22, to yield a 16-bit address,
1122. Then, we’ll ask the MMU to read the byte at address
1122, and we’ll get
77 back. Finally, we’ll subtract
1 from that value, and store the result back into the byte stored at address
1122. Nothing too snazzy here, but we’ll want to keep it in mind when designing our routines that can execute an instruction given any of its operand variants. Early on, I had to rework my first implementation so that it could reuse the same code to handle both plain registers and
DEC family sounds straightforward enough. Can we do the same trick we pulled with
SUB, in which we implement a bunch of similar instruction variants with a single implementation?
SUB, things were pretty simple: the operand we were supposed to work with was clear, with a one-to-one correspondence starting from opcode
DEC, things are looking a bit shakier: the various opcodes are on entirely different sides of the table, and certainly aren’t incrementing by one from one variant to the next.
Can we spot anything if we write out the
DEC variants’ hexadecimal representations?
05 0d 15 1d 25 2d 35 3d
Hmm… There’s certainly a pattern here, but it’s not clear to me how we’d take a look at an opcode and immediately see both that it’s a
DEC, and which variant it is. Maybe looking at the binary representations of each opcode will shed some light?
00000101 00001101 00010101 00011101 00100101 00101101 00110101 00111101
Yes! We’ve got the same pattern of three bits counting up one-by-one to describe what variant the opcode refers to, except this time around those three bits are sandwiched in the middle of the opcode! We can identify a
DEC by checking whether the opcode matches
00___101, and those three bits in the middle tell us what operand we’ll be working with in the same counting-by-one fashion as before. I find this really interesting, because this pattern isn’t apparent at all when looking at how the opcodes are visually laid out in the table, but it’s really clear when writing out the binary representations of the opcodes!
That should be a pretty good foundation to get us going writing our emulated CPU in software. The thing about a CPU, though, especially when writing a virtual one, is that it gets a lot more useful when you’ve got some code you’d like to execute on it!
Running a program
We’ve got hundreds of opcodes to implement, and some kind of plan to divide-and-conquer will be vital to implementing this thing in an approachable way. If we pick an existing program that we’d like to run on our fledgling CPU, it’ll provide us with a great system for knocking out segments of the instruction set:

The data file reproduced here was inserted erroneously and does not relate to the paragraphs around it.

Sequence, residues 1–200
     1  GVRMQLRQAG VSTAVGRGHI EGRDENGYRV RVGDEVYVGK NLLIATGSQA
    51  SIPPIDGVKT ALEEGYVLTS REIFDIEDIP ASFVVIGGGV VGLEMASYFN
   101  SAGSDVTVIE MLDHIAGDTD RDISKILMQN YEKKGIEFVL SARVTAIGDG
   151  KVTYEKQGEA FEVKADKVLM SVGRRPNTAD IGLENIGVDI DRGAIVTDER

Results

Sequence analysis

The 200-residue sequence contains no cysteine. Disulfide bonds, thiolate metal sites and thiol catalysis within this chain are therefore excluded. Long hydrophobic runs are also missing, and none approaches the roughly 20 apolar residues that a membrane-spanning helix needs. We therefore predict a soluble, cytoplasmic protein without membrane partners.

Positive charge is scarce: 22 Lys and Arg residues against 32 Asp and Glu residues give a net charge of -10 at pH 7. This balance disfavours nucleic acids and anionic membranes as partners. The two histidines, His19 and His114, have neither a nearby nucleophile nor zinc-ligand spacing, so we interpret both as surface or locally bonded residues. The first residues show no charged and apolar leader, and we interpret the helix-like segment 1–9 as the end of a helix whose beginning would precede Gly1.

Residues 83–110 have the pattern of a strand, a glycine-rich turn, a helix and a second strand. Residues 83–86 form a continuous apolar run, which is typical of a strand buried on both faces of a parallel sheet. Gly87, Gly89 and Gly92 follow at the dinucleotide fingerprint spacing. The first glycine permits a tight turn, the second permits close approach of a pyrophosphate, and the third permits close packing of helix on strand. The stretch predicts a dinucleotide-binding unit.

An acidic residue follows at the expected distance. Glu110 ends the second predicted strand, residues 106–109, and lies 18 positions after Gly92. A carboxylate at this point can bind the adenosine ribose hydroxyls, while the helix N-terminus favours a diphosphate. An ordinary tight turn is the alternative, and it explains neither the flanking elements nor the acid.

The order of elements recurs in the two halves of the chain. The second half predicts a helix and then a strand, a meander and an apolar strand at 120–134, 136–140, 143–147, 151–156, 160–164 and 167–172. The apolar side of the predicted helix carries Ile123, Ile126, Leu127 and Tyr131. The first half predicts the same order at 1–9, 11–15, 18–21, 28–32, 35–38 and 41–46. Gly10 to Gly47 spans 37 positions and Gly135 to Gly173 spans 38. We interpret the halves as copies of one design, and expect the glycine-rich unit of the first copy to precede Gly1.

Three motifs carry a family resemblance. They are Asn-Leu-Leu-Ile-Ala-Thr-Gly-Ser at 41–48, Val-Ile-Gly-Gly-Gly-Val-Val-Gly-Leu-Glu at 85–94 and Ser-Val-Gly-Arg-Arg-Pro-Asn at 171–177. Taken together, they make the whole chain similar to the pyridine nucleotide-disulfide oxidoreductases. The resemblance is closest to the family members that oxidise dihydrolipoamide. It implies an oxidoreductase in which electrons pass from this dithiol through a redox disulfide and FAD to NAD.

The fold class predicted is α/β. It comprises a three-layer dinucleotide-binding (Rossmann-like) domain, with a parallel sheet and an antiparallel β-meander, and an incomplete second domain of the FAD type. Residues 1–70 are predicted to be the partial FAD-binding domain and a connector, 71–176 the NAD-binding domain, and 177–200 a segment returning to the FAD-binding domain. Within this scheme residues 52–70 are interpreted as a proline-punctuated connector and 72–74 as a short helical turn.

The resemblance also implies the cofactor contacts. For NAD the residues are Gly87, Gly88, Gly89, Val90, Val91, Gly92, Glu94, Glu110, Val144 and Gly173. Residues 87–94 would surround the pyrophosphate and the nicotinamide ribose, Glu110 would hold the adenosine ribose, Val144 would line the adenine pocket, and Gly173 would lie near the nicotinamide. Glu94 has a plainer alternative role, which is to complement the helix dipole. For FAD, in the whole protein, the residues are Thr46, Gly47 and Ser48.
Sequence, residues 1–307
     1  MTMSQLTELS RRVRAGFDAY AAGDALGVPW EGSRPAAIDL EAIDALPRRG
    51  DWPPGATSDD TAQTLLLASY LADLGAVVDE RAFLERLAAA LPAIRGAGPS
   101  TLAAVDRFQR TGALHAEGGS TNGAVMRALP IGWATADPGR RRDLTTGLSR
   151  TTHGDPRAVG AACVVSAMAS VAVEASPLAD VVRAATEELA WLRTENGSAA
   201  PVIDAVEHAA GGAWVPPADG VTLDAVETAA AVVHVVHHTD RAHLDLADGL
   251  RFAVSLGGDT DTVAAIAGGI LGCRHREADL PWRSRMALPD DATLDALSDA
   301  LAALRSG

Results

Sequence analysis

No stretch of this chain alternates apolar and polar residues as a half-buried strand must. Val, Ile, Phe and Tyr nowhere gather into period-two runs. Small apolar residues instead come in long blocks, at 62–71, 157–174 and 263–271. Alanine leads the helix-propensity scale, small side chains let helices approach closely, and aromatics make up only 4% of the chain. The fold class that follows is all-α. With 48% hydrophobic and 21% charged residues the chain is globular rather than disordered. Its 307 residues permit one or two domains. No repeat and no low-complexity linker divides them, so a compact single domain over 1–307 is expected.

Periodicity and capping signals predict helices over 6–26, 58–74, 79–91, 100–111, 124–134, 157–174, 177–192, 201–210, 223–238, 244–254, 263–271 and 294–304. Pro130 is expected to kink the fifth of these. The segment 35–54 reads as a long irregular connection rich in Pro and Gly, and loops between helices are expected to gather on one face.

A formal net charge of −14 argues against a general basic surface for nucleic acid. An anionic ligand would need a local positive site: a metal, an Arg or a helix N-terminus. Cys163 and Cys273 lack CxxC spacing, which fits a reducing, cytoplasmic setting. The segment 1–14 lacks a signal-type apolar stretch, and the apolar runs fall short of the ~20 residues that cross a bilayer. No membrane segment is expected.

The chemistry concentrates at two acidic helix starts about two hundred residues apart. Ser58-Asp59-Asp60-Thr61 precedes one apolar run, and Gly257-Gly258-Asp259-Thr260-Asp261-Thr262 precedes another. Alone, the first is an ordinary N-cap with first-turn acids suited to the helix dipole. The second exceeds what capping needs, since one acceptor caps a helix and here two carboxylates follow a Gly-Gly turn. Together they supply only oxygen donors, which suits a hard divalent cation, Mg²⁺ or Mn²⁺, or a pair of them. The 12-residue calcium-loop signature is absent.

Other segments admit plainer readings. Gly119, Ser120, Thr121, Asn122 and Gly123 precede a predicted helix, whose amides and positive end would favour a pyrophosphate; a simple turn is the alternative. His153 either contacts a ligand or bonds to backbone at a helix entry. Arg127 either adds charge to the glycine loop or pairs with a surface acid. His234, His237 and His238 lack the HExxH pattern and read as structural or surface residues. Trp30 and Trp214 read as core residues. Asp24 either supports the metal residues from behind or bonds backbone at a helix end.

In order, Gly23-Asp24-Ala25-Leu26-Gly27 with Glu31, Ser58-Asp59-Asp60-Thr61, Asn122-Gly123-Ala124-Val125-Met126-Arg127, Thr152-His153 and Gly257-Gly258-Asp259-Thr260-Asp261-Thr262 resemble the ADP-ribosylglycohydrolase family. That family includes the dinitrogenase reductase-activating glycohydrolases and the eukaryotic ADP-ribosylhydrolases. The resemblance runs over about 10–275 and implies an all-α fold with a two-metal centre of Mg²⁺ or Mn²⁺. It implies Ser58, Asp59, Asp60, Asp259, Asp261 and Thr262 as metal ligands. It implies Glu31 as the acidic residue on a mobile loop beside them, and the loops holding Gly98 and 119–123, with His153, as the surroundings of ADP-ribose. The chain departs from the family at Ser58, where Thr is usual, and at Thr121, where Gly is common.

Load the program into our virtual environment
Kick off the CPU on its fetch/decode/execute lifecycle
Keep going until the CPU fetches an opcode it doesn’t yet support
Implement the missing opcode (and its relatives, if any)
But what program to pick? Ideally we’d want something that’s approachable in size (so we don’t have to implement every opcode under the sun before we see results), that’s well-understood (so we can check whether our emulated CPU is doing the right thing), and that’d be useful code to run anyway.
A great candidate here might be the boot ROM that executes every time the GameBoy boots! Let’s see:
Approachable in size? Yep, the boot ROM fits in just 256 bytes.
Well-understood? Undoubtedly – people have annotated the boot ROM’s instructions line-by-line.
Useful in its own right? The boot ROM is responsible for showing the classic
Nintendologo on startup, so I’d go as far to say this is essential.
That last point is a real classic, and very familiar to anyone who’s played a GameBoy: the scrolling logo is the start to every session! This means that the boot ROM both a functional program, and an iconic part of the GameBoy experience.
Now, it’s useful to understand what the boot ROM is doing exactly, so we know the shape of things to expect. We know that in general the boot ROM’s responsibility is things like initializing the rest of the system in such a way that later code can run in a known state, but the boot ROM can have other responsibilities, too. One of these responsibilities, both in the case of the GameBoy and many other systems, is verifying the integrity of the rest of the code the system will execute.